Just to finish out the theme of favorite ghouls, here is a photo Steven has shared on Facebook so it was in our downloads.  Christopher Lee, Vincent Price and John Carradine.  At least, Steven says it is John Carradine.  I had thought it was Peter Cushing.  How classless is that, that I’m going to publish this without making sure of my information.  That’s how I roll on Wuss-out Wednesday.

 

Wrist to Severed Head?

I interrupt my Severed Head Sunday entertainment to make my blog post.  I did not realize this was going to be a Severed Head Sunday.  I thought I was having a perfectly normal Wrist to Forehead Sunday, not getting enough done, sorry I have to go to work tomorrow, feeling a big angsty about it all.  But Steven and I decided to watch movies instead of our usual Snapped marathon.  When we agreed on Lake Placid, I realized what kind of Sunday it was.

Lake Placid, for the uninitiated, is a horror movie from 1999 about alligators terrorizing a Maine lake which is, in fact, not called Lake Placid.  I wrote a blog post about it some time ago (I wonder if I can find it and make a link).  I think it is a fun flick.  Of course, to make this a true Severed Head Sunday, it might be nice to watch at least one more movie that involves decapitation.  Or there may be an episode of Snapped that can fulfill that requirement.  I am nothing if not flexible in these things.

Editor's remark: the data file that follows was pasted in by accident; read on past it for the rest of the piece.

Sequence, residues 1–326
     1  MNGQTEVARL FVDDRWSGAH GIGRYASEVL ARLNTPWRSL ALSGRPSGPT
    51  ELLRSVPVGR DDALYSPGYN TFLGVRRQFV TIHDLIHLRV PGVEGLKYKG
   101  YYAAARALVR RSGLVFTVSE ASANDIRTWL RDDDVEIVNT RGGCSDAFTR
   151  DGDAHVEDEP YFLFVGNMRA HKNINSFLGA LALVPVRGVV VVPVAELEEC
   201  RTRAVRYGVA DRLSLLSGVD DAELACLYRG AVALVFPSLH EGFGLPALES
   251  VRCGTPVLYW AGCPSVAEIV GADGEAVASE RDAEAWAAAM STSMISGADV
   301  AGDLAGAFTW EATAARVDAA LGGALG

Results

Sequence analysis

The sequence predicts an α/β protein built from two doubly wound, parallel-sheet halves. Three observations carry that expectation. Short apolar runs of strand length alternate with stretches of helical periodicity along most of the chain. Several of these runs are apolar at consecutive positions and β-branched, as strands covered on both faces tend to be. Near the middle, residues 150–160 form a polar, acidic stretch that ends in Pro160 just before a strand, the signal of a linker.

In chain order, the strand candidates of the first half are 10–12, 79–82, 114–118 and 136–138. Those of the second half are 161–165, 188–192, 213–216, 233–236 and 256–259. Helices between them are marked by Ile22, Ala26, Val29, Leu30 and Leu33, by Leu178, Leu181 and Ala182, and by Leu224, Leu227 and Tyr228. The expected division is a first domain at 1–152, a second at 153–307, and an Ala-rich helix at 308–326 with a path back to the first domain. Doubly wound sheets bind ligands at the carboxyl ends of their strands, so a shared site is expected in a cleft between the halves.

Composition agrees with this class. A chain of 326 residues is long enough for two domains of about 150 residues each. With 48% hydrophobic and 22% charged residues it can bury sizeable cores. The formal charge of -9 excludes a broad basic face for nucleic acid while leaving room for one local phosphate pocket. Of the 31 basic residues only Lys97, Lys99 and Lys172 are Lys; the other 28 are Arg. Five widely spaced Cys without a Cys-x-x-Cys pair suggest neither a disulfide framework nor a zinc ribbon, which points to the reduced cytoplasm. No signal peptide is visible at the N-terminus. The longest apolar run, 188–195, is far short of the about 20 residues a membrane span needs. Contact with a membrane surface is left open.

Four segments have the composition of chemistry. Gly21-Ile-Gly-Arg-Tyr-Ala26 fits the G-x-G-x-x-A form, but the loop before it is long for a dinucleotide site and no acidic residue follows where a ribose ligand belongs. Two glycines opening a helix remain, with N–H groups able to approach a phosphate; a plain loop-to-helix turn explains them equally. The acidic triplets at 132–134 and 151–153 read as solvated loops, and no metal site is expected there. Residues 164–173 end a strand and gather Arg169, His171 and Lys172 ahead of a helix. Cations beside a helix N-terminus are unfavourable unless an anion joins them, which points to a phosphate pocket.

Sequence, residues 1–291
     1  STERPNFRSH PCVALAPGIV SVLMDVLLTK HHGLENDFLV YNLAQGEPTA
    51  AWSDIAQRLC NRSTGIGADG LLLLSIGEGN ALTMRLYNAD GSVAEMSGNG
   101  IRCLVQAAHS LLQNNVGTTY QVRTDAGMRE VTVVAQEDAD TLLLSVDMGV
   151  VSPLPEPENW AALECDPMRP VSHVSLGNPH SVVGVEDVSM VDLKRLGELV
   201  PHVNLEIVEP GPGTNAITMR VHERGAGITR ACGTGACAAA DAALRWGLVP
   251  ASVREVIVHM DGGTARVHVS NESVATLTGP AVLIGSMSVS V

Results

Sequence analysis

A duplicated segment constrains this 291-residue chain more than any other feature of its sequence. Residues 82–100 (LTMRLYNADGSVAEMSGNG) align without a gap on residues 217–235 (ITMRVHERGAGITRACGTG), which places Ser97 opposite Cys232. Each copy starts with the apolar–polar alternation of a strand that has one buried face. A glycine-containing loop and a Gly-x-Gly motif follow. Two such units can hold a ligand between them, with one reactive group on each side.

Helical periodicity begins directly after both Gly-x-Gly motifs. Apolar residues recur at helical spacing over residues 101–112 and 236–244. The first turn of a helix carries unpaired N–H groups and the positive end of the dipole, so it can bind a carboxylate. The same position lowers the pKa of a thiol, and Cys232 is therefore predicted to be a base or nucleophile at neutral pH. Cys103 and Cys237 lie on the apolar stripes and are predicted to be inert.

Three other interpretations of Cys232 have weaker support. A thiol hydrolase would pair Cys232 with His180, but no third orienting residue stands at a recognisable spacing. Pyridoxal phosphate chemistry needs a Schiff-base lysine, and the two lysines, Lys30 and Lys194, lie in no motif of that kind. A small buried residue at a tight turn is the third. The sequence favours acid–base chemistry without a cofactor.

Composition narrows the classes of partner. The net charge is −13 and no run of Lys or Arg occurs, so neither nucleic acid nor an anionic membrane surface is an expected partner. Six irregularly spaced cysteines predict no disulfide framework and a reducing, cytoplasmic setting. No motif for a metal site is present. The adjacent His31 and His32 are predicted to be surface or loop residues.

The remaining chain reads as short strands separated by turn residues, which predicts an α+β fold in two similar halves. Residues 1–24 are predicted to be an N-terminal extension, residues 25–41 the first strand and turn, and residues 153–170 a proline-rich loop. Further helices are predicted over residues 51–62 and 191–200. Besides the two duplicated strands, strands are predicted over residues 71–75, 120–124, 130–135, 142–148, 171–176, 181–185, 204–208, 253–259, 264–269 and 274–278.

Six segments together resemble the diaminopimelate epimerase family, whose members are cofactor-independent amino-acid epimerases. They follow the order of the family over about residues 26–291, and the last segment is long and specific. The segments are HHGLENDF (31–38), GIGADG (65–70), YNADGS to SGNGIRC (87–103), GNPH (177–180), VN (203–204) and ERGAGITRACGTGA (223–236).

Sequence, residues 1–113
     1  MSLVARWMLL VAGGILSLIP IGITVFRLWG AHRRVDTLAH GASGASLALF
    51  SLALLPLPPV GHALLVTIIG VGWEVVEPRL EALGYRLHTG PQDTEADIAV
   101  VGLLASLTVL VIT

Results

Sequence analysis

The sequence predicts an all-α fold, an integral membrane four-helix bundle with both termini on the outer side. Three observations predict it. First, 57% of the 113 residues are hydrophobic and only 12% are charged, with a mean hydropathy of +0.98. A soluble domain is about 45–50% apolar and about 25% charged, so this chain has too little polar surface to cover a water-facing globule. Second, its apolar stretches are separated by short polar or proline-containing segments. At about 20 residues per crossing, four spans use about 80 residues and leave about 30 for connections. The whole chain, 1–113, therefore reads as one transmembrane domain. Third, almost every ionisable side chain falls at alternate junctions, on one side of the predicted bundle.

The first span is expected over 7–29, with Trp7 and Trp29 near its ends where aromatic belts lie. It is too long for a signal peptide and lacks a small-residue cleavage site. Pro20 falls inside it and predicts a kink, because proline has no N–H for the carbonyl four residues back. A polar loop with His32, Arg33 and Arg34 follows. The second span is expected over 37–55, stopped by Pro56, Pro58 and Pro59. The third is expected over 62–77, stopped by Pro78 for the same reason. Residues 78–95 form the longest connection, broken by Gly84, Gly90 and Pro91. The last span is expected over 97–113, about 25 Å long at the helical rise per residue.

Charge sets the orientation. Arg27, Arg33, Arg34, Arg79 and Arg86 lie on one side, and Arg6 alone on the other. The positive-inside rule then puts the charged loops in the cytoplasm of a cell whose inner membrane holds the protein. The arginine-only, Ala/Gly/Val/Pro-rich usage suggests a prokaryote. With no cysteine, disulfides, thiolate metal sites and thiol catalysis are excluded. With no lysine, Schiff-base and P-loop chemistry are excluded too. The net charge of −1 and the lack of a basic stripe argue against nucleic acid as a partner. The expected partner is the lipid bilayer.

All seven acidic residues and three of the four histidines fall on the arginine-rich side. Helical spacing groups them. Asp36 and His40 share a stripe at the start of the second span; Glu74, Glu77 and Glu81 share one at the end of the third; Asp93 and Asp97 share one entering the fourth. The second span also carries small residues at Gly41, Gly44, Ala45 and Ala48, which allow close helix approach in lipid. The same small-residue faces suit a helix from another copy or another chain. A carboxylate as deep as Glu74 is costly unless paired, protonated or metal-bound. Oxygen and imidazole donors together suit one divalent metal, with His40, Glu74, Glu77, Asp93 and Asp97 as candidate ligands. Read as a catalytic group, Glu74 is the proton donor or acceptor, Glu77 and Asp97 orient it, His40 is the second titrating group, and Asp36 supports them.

I have done some writing today, but not much.  At the risk of becoming tiresome, I will just mention VERY BRIEFLY that my cold seems to be back.  Perhaps I do not get enough Vitamin C in my life.   However, I liked what I wrote and I may write a little more, when the movie watching, hanging out with husband portion of the day is over.  After all, one must hang out with one’s husband.

 

Bring on Boris Karloff!

Oh, I had not meant to make a Wrist to Forehead Sunday post.  I meant to have Sunday Running Commentary and even ran with that very purpose in mind (as well as health, weight-loss and 5K preparation purposes).  But then I had to go grocery shopping, then I started doing laundry, then I had a headache so lay down, then I fell asleep till Steven came home, then I was cooking…

It’s starting to look like a Scattered Sunday.  In fact, I don’t feel particularly wrist-to-forehead right now.  Only, I want to make a quick post, so Steven and I can get on to the movie watching portion of the evening.  He brought some of our Christmas movies down from the attic.  I particularly want to see How the Grinch Stole Christmas, the real one, meaning the cartoon narrated by the inimitable Boris Karloff.  For one reason, I can pretend we’re watching a horror movie.  I adore Boris Karloff.

I am in the midst of cooking a couple of things that might make good cooking posts.  Additionally, I have extended posts to write about some of the Mohawk Valley businesses I patronized on Shop Small Saturday.  All kinds of blog topics, yet here I am hurriedly typing in nonsense (full disclosure:  I paused in my typing to go stir some stuff out in the kitchen).

Then again, this is what I do.  I publish nonsense on many occasions.  But I hope sometimes at least I amuse and entertain.  Or do I flatter myself?  That thought will give me a wrist to forehead moment.  Happy Sunday, everyone.

 

I’m Afraid this is a Post about Movies